British Columbia

Highway closures in B.C. raise concerns about local food security during disaster

A recent spate of road closures has highlighted how dependent B.C. communities are on regular shipments of food and other supplies.

Experts say communities have between 3-5 days of supplies before more needs to be shipped in

Save on Foods in Prince George posted notices apologizing for the lack of fresh produce after dangerous roads prevented trucks from moving out of the Lower Mainland into the rest of the province. (Andrew Kurjata/CBC)

A series of highway closures has highlighted how dependent B.C. communities are on regular shipments of food and supplies and raised questions about what would happen to that supply chain during a prolonged emergency.

Produce sections in B.C. grocery stores were running low, just one day after the Lower Mainland was cut off from the rest of the province as freezing rain made every highway into and out of the region unpassable.

Dairy products at the Terrace Safeway ran low during highway closures on the Lower Mainland. (Steve Smyth)

"People don't realize that all it takes is 48 hours and food will run off the shelves if there's not a supply coming in at all times," said Marli Bodhi, a researcher at UNBC who has studied food security in Fort St. John and Terrace.

Every community at risk

The dependency isn't limited to northern communities.

Heather Lyle of Emergency Management B.C. said most food suppliers in the province have between three and five days worth of supplies.

"So, if our transportation routes are impacted ... it's going to take some time for us to figure out how to reroute, how to restage," she said. 

Bodhi said with extreme weather conditions expected to become more frequent, communities should think about preparing for future disasters by analyzing supply chains and access to food locally.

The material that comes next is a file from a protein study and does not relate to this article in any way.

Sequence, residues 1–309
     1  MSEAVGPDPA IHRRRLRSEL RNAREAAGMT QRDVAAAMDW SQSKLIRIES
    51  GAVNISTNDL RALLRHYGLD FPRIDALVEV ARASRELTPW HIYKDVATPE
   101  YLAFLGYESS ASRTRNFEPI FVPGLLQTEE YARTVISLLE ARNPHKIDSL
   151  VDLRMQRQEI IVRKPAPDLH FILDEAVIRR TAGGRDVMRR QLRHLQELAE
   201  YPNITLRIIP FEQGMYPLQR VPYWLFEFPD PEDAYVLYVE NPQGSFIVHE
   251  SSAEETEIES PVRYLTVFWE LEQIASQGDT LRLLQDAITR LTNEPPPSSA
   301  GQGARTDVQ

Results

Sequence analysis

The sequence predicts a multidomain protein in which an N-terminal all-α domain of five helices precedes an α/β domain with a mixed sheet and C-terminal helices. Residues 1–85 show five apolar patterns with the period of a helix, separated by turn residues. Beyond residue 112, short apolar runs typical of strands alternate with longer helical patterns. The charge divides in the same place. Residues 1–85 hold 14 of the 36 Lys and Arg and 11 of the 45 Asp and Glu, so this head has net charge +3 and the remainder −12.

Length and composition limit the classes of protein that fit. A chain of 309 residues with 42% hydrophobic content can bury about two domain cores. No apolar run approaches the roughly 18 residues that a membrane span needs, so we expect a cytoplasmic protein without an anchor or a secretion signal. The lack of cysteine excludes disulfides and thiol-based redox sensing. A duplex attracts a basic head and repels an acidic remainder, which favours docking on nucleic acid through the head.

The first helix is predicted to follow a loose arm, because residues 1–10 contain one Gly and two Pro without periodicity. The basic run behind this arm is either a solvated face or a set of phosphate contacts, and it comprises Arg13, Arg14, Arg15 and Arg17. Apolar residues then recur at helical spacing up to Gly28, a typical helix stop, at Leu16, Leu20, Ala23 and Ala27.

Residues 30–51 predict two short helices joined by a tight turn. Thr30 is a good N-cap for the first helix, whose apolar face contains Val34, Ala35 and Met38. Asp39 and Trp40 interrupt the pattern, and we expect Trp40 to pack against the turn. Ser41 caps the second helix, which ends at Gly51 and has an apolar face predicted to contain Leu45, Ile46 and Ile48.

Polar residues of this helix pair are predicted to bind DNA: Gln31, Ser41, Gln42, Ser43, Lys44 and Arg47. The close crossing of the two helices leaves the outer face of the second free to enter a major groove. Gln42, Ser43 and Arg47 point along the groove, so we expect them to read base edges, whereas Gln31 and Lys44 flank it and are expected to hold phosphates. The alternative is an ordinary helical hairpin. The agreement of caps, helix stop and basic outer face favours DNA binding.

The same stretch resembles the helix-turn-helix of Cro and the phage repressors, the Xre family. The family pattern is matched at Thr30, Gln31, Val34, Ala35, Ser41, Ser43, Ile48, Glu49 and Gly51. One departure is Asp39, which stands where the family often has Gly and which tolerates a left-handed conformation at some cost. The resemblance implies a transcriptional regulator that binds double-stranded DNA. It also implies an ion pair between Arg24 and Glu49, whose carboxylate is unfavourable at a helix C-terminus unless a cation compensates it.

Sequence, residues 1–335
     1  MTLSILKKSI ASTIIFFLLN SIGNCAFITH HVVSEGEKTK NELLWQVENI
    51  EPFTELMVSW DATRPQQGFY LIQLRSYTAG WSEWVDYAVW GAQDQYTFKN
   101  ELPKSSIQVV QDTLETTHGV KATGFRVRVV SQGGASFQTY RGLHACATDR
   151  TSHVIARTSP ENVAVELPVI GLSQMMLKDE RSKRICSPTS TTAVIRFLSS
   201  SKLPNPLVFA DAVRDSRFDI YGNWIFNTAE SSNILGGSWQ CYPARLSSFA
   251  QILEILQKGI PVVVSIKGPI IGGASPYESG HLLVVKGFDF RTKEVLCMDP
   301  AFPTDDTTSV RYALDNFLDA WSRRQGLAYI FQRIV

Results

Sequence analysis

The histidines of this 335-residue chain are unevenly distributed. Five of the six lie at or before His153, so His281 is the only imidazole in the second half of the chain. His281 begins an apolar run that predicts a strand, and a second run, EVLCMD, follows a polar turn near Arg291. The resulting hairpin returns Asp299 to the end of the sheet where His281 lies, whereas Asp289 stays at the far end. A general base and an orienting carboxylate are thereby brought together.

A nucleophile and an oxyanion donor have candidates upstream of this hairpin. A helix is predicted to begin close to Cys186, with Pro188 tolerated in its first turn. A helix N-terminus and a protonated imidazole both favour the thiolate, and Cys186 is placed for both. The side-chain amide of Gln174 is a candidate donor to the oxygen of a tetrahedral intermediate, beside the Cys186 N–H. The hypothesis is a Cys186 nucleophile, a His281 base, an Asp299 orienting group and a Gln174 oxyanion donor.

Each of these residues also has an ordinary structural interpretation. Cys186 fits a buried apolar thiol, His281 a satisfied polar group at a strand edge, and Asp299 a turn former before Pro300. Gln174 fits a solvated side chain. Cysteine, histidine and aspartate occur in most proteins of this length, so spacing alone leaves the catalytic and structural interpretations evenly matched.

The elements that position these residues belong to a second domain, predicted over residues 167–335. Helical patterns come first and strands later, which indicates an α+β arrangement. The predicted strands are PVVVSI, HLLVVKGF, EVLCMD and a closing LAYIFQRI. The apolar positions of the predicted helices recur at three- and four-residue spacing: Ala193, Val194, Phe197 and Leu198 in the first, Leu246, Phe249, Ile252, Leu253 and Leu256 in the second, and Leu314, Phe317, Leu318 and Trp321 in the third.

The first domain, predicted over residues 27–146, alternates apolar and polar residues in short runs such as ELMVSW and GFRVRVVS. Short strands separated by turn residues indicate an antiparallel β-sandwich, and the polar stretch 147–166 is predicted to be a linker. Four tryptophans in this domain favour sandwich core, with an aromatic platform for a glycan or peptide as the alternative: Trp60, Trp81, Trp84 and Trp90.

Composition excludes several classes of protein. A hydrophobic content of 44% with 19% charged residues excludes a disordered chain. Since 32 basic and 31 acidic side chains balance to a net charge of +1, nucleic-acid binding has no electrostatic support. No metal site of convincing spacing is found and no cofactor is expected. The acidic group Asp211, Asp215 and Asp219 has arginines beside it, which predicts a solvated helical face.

Cars on the Coquihalla were stuck overnight after the road closed the afternoon of February 9. Several other B.C. highways have been closed off and on since then. (Daniel Hirner)

She said increasing food security is an area  where municipalities can take the lead by supporting local organizations aimed at doing the same.

She pointed to canning workshops put on by the Northern Environmental Action Team in Fort St. John and space set aside by Terrace for a weekly farmer's market as good examples of the work that should be supported.

She also said more can always be done to prepare for disaster.

Listen to Bodhi share more thoughts on food security in B.C.

"When I did my research in Terrace there were a lot of complaints about people who did hunt and gather their own food but they didn't have the storage available. They didn't have cold space to store their own food," she said.

"Even allowing space or creating workshops to help facilitate education for individuals about how to grow or how to build cold storage facilities can be helpful."

"We should be consuming food that we can grow in our community and that creates less dependency on foods that are being shipped in."

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